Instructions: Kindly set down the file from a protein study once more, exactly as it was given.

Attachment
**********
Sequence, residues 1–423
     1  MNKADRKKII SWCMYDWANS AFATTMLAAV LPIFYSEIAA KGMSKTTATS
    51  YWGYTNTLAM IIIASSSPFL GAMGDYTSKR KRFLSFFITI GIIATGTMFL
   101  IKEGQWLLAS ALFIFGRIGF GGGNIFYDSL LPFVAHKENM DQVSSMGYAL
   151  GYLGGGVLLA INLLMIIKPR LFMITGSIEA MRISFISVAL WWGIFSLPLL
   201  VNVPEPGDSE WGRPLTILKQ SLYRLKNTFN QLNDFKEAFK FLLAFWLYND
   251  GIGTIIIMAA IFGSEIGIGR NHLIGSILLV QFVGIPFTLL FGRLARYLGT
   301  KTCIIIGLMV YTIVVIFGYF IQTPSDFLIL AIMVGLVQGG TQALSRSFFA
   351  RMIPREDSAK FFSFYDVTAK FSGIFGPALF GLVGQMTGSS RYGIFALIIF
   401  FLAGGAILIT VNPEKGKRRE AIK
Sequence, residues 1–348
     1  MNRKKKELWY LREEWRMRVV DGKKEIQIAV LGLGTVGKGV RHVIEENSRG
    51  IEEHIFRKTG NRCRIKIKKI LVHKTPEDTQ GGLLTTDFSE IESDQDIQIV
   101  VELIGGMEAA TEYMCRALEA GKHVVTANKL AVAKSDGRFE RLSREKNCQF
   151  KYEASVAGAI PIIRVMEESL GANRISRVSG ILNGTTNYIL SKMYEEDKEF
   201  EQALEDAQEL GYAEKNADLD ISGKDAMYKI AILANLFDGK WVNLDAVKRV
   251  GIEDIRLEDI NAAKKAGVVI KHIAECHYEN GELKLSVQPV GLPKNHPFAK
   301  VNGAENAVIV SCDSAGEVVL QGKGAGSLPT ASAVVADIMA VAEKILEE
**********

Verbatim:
Sequence, residues 1–423
     1  MNKADRKKII SWCMYDWANS AFATTMLAAV LPIFYSEIAA KGMSKTTATS
    51  YWGYTNTLAM IIIASSSPFL GAMGDYTSKR KRFLSFFITI GIIATGTMFL
   101  IKEGQWLLAS ALFIFGRIGF GGGNIFYDSL LPFVAHKENM DQVSSMGYAL
   151  GYLGGGVLLA INLLMIIKPR LFMITGSIEA MRISFISVAL WWGIFSLPLL
   201  VNVPEPGDSE WGRPLTILKQ SLYRLKNTFN QLNDFKEAFK FLLAFWLYND
   251  GIGTIIIMAA IFGSEIGIGR NHLIGSILLV QFVGIPFTLL FGRLARYLGT
   301  KTCIIIGLMV YTIVVIFGYF IQTPSDFLIL AIMVGLVQGG TQALSRSFFA
   351  RMIPREDSAK FFSFYDVTAK FSGIFGPALF GLVGQMTGSS RYGIFALIIF
   401  FLAGGAILIT VNPEKGKRRE AIK
Sequence, residues 1–348
     1  MNRKKKELWY LREEWRMRVV DGKKEIQIAV LGLGTVGKGV RHVIEENSRG
    51  IEEHIFRKTG NRCRIKIKKI LVHKTPEDTQ GGLLTTDFSE IESDQDIQIV
   101  VELIGGMEAA TEYMCRALEA GKHVVTANKL AVAKSDGRFE RLSREKNCQF
   151  KYEASVAGAI PIIRVMEESL GANRISRVSG ILNGTTNYIL SKMYEEDKEF
   201  EQALEDAQEL GYAEKNADLD ISGKDAMYKI AILANLFDGK WVNLDAVKRV
   251  GIEDIRLEDI NAAKKAGVVI KHIAECHYEN GELKLSVQPV GLPKNHPFAK
   301  VNGAENAVIV SCDSAGEVVL QGKGAGSLPT ASAVVADIMA VAEKILEE